Hello! Once again, there is a lot of art to see in Brussels this time of the year. My ‘things to visit’-list is growing almost every day. Besides the main exhibitions at Bozar, Wiels and other big museums, I also want to pay attention to artwork from less known artists. That’s why it seemed worth the effort to check out the work of Djamel Merbah at Espace Magh.
Djamel Merbah was born in Algeria in 1949 and came to Belgium in the 70’s. He graduated at the Académie Royale des Beaux-Art in Brussels and Liège and did several exhibitions in Algeria and Europe. So let’s see what his work is about! (Please note that the paintings where only numbered, so I can’t give you any titles.)
L’envol, 2016, by Fabrice Samyn
Fabrice Samyn is a Brussels artist who lives and works in the capital. I think I saw one of his art works at Art Brussels this year, but I am not sure. It was sort of by accident that I discovered his exhibition at Meessen De Clercq during the Brussels Gallery Weekend. I was actually looking for another gallery to visit that day. As you might have noticed by now, I only write about artists or exhibitions that I liked. I very much appreciated the work of Fabrice Samyn, so I thought I should write about him as well.
White Snow, Thumper 1, by Paul McCarthy, 2014-2016
The American artist Paul McCarthy is currently exposing in Brussels! The first time I read something about him was when I did some research for my thesis on public art. Do you know his statue called ‘Santa Claus‘? It’s a huge gnome holding something in his hand that looks like a buttplug. The statue was moved around several times in Rotterdam because a lot of citizens didn’t want it in their neighborhood. They were too shocked by the image. Paul McCarthy also did performances that were often perceived as shocking. For example, one time he showed his buttocks all covered in chocolate sauce! Yummie.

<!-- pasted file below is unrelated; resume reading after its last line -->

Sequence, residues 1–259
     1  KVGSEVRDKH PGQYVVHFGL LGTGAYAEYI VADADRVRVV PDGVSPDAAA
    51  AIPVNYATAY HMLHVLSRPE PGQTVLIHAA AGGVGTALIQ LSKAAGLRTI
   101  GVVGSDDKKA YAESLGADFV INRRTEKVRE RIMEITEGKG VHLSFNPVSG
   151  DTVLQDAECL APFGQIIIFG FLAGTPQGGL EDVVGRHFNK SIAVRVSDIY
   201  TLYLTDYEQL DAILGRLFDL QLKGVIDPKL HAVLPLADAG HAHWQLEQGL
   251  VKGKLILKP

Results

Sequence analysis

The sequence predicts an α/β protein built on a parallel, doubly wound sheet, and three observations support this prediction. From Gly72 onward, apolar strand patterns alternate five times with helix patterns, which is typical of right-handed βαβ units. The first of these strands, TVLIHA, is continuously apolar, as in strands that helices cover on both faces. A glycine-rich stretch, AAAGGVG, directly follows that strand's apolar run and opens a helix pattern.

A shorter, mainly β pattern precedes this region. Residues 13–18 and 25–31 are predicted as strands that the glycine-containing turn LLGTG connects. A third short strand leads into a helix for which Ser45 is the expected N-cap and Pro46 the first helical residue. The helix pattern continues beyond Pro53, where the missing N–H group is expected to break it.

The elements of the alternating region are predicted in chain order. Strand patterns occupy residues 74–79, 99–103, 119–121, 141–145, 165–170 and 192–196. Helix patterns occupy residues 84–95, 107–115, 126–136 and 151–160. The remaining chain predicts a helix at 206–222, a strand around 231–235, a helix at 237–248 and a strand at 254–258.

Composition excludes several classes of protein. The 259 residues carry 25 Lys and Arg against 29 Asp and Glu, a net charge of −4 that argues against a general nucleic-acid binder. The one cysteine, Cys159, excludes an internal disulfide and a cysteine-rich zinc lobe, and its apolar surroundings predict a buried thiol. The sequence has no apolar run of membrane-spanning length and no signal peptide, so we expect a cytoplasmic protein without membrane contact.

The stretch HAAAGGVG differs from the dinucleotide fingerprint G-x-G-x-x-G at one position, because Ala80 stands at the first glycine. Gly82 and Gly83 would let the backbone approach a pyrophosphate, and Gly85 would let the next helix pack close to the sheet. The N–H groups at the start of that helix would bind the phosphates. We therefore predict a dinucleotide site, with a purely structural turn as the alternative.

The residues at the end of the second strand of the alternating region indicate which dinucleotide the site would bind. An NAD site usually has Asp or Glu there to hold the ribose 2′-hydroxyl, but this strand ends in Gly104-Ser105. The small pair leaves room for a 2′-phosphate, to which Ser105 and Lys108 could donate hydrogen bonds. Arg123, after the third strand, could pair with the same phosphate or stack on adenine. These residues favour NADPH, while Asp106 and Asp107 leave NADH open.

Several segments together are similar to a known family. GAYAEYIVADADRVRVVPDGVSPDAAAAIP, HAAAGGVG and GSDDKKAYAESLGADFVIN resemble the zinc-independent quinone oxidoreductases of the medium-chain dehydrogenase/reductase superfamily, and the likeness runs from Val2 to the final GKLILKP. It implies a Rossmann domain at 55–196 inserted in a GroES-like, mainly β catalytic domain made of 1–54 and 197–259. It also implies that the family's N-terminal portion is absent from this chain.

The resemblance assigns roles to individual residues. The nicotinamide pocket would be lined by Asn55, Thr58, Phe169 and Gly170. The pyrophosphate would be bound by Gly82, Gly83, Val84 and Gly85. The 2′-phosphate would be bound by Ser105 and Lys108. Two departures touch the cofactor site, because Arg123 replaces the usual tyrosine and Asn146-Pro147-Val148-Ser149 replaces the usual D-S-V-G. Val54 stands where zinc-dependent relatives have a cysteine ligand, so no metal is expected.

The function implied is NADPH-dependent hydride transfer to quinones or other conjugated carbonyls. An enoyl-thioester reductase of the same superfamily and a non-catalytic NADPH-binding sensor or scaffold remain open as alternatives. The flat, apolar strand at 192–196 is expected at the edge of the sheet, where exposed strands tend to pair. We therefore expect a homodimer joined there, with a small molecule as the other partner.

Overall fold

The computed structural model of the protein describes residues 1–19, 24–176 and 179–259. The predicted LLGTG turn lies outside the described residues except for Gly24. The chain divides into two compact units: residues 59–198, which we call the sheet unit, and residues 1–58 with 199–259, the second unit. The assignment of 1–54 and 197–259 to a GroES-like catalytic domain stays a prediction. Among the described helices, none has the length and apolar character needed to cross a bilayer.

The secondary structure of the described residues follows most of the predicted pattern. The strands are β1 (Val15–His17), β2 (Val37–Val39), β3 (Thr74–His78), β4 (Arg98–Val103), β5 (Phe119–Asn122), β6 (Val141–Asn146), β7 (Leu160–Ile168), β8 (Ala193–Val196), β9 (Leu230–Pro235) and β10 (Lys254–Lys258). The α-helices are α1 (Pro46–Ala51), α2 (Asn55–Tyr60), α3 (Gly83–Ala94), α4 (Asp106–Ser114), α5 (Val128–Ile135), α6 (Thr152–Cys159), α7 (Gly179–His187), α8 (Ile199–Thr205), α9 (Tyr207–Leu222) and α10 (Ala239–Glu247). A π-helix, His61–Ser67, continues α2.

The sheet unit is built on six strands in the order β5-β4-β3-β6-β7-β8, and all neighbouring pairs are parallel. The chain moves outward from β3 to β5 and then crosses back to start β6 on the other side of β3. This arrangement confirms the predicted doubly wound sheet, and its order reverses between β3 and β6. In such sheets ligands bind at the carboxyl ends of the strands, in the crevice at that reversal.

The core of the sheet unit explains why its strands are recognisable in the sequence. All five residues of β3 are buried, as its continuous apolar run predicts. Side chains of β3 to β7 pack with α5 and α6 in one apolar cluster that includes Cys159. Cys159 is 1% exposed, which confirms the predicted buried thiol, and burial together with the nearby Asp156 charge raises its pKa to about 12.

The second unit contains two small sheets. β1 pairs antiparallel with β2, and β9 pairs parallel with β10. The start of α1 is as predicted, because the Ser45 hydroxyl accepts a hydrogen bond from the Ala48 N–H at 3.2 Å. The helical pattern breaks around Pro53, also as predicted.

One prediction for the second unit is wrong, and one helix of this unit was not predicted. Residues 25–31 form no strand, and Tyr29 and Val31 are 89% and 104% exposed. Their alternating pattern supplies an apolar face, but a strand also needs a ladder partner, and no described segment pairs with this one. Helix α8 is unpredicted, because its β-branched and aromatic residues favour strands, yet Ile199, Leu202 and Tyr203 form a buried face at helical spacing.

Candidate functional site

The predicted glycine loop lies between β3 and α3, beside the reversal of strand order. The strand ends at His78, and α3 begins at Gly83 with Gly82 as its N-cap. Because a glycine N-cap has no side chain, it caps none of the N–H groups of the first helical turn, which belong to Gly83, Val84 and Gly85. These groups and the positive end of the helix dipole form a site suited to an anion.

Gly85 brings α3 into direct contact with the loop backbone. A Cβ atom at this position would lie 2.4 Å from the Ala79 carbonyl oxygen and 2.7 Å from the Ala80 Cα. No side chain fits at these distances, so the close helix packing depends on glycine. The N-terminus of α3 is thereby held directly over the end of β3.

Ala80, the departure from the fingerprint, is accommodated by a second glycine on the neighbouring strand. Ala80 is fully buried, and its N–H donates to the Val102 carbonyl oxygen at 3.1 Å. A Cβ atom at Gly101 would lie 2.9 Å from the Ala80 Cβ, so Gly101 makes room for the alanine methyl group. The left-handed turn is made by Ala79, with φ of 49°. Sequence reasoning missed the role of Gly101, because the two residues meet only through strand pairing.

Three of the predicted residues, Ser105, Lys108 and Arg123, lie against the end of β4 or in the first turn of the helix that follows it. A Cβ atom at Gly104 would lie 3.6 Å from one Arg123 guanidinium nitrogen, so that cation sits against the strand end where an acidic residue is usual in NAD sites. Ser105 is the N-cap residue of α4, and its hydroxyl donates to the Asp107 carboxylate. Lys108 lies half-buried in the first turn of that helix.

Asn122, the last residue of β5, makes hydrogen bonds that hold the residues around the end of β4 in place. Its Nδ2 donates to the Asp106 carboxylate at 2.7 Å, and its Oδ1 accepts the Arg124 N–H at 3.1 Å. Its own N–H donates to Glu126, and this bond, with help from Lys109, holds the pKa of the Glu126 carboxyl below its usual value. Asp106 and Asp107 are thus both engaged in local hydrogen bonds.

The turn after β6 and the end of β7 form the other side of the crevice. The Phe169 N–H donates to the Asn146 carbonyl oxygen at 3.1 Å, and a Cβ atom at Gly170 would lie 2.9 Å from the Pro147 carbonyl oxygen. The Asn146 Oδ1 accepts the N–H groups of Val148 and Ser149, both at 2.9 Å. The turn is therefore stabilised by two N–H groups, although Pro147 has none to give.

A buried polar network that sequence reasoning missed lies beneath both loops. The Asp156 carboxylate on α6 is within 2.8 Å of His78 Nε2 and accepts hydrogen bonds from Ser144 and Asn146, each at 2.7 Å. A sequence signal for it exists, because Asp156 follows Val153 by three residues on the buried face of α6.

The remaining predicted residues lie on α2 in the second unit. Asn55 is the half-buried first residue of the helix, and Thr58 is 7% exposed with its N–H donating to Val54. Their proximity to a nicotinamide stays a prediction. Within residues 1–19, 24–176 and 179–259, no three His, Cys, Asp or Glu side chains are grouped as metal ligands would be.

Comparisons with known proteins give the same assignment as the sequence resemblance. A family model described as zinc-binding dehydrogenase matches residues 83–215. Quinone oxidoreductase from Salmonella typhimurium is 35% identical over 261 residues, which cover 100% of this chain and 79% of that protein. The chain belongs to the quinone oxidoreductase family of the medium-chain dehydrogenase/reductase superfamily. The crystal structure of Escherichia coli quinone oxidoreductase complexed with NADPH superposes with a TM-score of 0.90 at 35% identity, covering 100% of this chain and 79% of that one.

The Great Deal of Pain(t), by El Nino76
Belgian Crew is the name of a street art exhibition that is hold in the Egmont Palace in Brussels. Every summer, the Palace opens its doors to the public when showing the work of different artists. I never noticed this Palace before even though I walk past it every day to go to work. It’s hidden behind the small park of Petit Sablon, the one with all the statues. It’s only because I saw so many pictures on social media of these marble stairs with the yellow paint spilled on it that I found out about the exhibition. (the blue-orange-purple paintings on the marble background are made by the artist Reset’81)
Cynthia, 1982, by John Kacere
For the first time, a Belgian museum is presenting a retrospective exhibition about photorealistic paintings. The Museum of Ixelles/Elsene in Brussels tells us the story of Photorealism (also known as Hyperrealism), from its origin in the 60’s until now.
Hello everyone! I’m always happy when someone invites me to a vernissage. Especially when it’s an artist presenting his or her own work. Last Friday I went to the opening of ‘Beholder‘, a collaboration between two artists living in Brussels: Maria Gil Ulldemolins & Juan Cañizares. Maria is Spanish and Juan is from Argentina. They met in Brussels and the friendship between them resulted in a very personal exhibition at TinyMighty, Maria’s studio in the city center.